Free Open Mind Lecture October 6 About The Stigma of Mental Illness

U.C. Berkeley Professor of Psychology Dr. Stephen Hinshaw, will return to the Open Mind event coordinated by the Friends of the Semel Institute for Neuroscience & Human Behavior at UCLA. Professor Hinshaw will speak about the stigma of mental illness: personal, family and policy perspectives. Professor Hinshaw is the author of seven books, including The Mark of Shame, The ADHD Explosion and The Triple Bind: Saving Our Teenage Girls from Today’s Pressures.

Admission is free, but reservations required. RVSP HERE.

Professor Hinshaw is a leader in the field of developmental psychopathology and one of the foremost experts on ADHD in the country. He serves as the Vice-Chair for Psychology in the Department of Psychiatry at the University of California, San Francisco and is also a Fellow of the American Association for the Advancement of Science. A former president of the Society of Clinical Child and Adolescent Psychology, Professor Hinshaw is currently the editor of the highly regarded Psychological Bulletin.

The Friends of the Semel Institute for Neuroscience & Human Behavior is a volunteer organization dedicated to supporting and enhancing state-of-the-art research and treatment for illnesses of the mind and brain.

Suicide: Risk Factors


Research has found that about 90% of individuals who die by suicide experience mental illness. But mental illness is only one of the risk factors associated with suicide. There are a number of other things, all important to recognize, that may put a person at risk of suicide.

The following list is not comprehensive, meaning it is not necessarily a list of “all” possible risk factors. Nor is it a list of necessary conditions. A person may have just one or two of the following risk factors, or none, and still be at risk. But based on what is known, the following list does include some of the things that may put a person at risk:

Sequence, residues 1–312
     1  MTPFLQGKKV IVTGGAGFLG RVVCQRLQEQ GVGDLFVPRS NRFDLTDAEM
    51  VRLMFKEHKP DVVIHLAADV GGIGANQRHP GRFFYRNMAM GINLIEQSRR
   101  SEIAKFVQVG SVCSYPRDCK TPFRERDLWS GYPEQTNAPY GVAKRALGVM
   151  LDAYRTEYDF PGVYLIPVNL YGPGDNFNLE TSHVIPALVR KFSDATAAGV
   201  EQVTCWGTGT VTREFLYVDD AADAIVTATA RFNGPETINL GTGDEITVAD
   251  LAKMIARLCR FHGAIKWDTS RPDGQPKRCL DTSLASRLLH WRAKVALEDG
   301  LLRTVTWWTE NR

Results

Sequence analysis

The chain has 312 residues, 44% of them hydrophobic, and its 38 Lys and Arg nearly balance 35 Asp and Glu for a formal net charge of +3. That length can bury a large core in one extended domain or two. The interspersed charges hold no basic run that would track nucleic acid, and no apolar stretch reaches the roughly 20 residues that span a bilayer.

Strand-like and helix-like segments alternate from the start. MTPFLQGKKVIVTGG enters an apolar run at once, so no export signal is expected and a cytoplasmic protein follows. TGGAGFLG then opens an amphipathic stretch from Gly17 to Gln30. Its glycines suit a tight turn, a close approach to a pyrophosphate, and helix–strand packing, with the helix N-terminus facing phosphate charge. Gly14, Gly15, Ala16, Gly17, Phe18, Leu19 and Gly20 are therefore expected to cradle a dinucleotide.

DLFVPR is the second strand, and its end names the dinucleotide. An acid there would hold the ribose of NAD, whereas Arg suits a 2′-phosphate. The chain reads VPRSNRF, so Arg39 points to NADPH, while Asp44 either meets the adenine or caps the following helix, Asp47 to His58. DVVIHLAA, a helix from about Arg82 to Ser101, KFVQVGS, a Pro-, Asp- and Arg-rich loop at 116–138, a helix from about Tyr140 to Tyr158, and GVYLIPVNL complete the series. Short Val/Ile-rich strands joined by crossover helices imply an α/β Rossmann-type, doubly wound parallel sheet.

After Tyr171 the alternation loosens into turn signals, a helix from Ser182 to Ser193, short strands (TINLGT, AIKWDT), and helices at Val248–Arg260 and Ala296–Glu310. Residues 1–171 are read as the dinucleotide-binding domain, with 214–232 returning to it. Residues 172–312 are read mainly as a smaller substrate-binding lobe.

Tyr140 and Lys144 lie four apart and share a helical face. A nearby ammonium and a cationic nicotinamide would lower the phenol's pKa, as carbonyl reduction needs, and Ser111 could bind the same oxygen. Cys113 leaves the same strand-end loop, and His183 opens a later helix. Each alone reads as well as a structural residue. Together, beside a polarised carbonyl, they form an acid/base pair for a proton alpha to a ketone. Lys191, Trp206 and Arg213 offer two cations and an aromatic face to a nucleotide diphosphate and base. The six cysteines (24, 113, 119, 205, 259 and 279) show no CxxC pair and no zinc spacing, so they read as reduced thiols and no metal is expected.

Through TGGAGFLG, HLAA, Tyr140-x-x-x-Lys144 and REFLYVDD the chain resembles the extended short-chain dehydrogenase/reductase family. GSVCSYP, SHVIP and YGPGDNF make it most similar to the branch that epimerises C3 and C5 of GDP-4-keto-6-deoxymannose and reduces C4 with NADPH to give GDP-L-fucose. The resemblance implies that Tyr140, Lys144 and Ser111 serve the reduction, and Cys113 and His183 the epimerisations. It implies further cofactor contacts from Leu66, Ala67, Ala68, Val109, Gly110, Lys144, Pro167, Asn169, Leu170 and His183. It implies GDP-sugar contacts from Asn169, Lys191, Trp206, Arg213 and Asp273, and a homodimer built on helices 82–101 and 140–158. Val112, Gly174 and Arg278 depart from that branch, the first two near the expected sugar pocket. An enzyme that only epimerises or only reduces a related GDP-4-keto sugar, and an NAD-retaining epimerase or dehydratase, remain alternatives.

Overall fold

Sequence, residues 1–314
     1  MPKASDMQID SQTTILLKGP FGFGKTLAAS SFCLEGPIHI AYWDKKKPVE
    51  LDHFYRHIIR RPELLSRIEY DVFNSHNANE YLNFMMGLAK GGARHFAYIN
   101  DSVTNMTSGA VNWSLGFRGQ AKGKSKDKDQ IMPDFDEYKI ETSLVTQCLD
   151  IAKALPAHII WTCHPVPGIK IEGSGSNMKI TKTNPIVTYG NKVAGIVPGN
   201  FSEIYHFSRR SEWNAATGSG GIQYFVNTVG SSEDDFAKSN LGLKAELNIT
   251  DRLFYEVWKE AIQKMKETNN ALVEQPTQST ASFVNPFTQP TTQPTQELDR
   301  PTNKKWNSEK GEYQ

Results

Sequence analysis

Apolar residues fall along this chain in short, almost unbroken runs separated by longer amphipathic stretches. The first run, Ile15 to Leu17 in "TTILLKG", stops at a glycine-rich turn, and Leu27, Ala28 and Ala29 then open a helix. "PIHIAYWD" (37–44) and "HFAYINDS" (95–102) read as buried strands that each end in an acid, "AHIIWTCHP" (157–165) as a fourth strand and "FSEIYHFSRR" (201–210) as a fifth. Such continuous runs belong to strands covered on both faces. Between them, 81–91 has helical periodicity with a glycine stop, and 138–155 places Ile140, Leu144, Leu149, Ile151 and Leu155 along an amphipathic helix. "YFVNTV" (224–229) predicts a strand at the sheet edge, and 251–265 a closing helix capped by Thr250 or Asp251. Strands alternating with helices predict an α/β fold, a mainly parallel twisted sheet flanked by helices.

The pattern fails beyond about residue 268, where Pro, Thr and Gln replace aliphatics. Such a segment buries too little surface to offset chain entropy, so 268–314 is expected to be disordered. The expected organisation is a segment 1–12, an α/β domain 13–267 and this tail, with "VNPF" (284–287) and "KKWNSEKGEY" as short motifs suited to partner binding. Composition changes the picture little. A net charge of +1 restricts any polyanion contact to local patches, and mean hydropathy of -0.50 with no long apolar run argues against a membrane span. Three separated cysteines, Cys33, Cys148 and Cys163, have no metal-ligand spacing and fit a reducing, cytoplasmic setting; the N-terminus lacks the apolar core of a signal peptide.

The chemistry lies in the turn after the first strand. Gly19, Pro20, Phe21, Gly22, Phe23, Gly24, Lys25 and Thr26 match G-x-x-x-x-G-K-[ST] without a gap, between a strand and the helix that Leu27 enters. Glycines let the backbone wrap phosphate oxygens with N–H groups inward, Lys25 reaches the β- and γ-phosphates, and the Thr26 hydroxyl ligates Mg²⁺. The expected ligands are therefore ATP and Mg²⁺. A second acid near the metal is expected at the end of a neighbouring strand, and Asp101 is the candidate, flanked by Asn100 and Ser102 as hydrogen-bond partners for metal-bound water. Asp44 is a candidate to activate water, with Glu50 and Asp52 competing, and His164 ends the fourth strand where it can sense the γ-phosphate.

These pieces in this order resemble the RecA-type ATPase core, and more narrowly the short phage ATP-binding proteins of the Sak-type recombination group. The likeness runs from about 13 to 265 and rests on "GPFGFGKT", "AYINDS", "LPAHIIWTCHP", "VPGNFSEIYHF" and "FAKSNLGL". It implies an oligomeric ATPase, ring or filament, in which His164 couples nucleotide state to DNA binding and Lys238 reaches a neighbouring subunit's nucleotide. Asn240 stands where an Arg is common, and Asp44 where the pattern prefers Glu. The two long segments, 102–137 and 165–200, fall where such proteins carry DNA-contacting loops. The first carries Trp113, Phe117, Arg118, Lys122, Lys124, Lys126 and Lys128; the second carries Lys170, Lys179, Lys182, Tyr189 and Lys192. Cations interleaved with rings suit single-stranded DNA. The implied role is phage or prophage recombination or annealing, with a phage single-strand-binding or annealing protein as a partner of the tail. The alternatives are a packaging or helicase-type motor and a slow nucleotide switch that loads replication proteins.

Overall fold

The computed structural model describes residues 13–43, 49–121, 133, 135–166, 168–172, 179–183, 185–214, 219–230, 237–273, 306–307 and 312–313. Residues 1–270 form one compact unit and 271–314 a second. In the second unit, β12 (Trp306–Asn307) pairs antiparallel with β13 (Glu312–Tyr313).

• A family history of suicide.
  • Substance abuse. Drugs and alcohol can result in mental highs and lows that exacerbate suicidal thoughts.
  • Intoxication. More than one in three people who die from suicide are found to be currently under the influence.
  • Access to firearms.
  • A serious or chronic medical illness.
  • Gender. Although more women than men attempt suicide, men are four times more likely to die by suicide.
  • A history of trauma or abuse.
  • Prolonged stress.
  • Isolation.
  • Age. People under age 24 or above age 65 are at a higher risk for suicide.
  • A recent tragedy or loss.
  • Agitation and sleep deprivation.

Get more information at the NAMI National Web Site.

DBT Families and Friends Program -Harbor UCLA Medical Center

If you have taken Family to Family and want to learn more or were unable to enroll in the current Family to Family Program please consider enrolling in the Dialectical Behavior Program for family members offered through Dr. Dorit Saberi at Harbor UCLA Medical Center on Monday afternoons from 3:30 to 5:00 PM starting in October.

Please contact Dr. Saberi at (310) 222-1724 for more information.